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With the beginning of spring and the days getting longer, we hope you’ve been able to get out and enjoy the sunshine! What a nice reprieve from the grays of winter. We’ve all been like spring chicks chirping around here about how nice it’s been to open up our houses and let a fresh breeze go through to change out the stagnant air. There’s also a laundry list of things to do to get ready for spring outdoors; raking last year’s leaves, cleaning up after your critters, etc. As well as the list of stuff to do inside: changing the smoke detector batteries, laundering the window treatments, dusting ceiling fans, etc.

What if part of your spring cleaning were to evaluate and clean your life? What if you sat down and made a list of some cleansing that you would like to do for your body, soul, and psyche? Here’s one simple example: are you holding on to old clothes because you’re afraid of gaining the weight back? Get rid of them! You have done so well, and you’re never looking back again. Besides, you’ve got us and the program under your belt!

A more complex example would be relationships: are you nourishing friendships with people that are more caustic to you than good? Take a step back and evaluate what is going to be best for you and your ability to make positive lifestyle changes. As we mentioned in February’s newsletter, self-care is an integral part of your weight management success. It may be time to make new friends that are more like-minded in your health-centered focus. Some ways to make these connections are through local gyms, or just on the trails you walk your dogs on! Get out there, you’re worth meeting!

Lastly, take a look at your kitchen. Are the foods in your pantry or cabinets hindering your success? Remember, your family members (aka: children, spouse) do not need to eat junk food, either. If you find that your cabinets are not “program-friendly” you may want to spring clean that too. Donate foods to the food bank bin at the grocery store; don’t feel compelled to throw them out. You can also give foods to your neighbors and friends.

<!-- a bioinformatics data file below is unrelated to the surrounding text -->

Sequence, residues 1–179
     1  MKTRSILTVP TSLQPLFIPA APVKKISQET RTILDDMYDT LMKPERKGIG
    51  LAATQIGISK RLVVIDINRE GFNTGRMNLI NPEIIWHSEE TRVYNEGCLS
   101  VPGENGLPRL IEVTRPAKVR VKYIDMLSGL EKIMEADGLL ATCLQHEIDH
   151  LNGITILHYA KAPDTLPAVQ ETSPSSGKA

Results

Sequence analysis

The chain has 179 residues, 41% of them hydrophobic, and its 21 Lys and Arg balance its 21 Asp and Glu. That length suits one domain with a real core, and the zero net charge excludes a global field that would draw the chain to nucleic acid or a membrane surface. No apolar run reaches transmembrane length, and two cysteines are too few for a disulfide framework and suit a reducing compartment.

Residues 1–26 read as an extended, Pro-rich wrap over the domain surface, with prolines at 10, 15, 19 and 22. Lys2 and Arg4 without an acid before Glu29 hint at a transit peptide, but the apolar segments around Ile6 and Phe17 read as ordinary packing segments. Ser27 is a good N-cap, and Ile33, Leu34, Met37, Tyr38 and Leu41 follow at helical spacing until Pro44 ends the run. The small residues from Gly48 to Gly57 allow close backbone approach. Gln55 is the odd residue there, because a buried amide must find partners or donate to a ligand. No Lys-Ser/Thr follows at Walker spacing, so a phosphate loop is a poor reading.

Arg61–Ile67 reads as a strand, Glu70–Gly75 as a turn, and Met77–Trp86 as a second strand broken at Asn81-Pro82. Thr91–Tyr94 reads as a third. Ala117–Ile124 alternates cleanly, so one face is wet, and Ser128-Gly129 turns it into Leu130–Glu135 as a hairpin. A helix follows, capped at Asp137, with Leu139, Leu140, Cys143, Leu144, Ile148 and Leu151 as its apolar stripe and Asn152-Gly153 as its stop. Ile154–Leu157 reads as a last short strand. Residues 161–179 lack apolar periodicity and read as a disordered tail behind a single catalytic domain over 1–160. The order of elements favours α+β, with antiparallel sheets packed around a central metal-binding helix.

We all know and relish the good feeling of having a clean and organized home: the relief from the dust on furniture, and dust bunnies collecting in the corners of the room. The ease from the unfolded laundry taking up space in your bedroom, and the satisfaction of a clean kitchen after a great meal. Supreme relaxation begins for some of us when our mind space isn’t taken up with these seemingly mundane tasks.

However, sometimes those simple tasks can derail even the best laid plans and cause undue stress on our psyche. Clutter and disorganization in our environment creates the same problems in our mind. If your “to do” list is extremely long and arduous, then you’re probably overwhelmed. When we get overwhelmed with choices and decisions we tend to not be productive in any capacity. We choose to do nothing, rather than taking things in stride. This same concept can be applied to other aspects in our life, such as weight loss.

It would make sense that getting organized can help with weight loss, as well. You are less at risk of clutter tripping you up causing injury, helps to reduce bacteria and germs which leads to illness and can make it easier to find gear for exercise and physical activity when you’re motivated. In a recent article in the New York Times entitled ” A Clutter Too Deep for Mere Bins and Shelves,”1 Dr. Pamela Peeke, author of the book “Fit to Live,” was quoted amusingly as saying, “If you can’t find your sneakers, you aren’t taking a walk,”. Dr. Peeke often suggests to those patients trying to lose weight to try to work on creating a single uncluttered space in their home.

The Skinny – 5 Spring Tips to Help With Losing the Winter Weight
How to Handle the Holidays and Maintain Your Weight